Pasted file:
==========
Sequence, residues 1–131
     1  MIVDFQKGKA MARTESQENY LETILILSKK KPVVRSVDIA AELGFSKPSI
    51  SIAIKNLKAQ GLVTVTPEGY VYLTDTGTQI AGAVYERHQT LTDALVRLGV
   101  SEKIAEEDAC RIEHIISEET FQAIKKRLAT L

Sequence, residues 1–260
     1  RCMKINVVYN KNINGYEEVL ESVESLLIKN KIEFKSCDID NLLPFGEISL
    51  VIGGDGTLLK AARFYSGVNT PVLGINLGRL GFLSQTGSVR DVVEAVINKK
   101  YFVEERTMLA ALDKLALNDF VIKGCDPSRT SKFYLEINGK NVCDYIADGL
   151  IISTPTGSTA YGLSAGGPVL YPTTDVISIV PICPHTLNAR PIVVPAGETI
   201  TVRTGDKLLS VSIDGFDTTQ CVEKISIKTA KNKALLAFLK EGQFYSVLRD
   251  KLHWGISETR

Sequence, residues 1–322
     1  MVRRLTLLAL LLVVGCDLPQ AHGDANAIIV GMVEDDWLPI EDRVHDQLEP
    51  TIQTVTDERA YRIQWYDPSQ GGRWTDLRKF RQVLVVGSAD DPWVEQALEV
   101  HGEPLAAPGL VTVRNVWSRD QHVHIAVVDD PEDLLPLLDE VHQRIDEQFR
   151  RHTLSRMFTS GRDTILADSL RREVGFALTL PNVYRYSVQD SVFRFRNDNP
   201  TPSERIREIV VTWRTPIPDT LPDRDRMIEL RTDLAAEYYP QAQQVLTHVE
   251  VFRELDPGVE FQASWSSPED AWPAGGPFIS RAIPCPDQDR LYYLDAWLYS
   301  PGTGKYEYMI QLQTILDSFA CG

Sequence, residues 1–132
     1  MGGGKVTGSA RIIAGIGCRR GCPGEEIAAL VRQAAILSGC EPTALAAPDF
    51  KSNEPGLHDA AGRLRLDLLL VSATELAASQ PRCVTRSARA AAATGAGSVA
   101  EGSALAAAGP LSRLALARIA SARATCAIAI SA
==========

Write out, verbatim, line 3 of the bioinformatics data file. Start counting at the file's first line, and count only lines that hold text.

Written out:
    51  SIAIKNLKAQ GLVTVTPEGY VYLTDTGTQI AGAVYERHQT LTDALVRLGV